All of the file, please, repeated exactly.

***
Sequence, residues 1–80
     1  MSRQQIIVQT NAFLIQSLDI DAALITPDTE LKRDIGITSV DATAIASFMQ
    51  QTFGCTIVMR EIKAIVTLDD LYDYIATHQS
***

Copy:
Sequence, residues 1–80
     1  MSRQQIIVQT NAFLIQSLDI DAALITPDTE LKRDIGITSV DATAIASFMQ
    51  QTFGCTIVMR EIKAIVTLDD LYDYIATHQS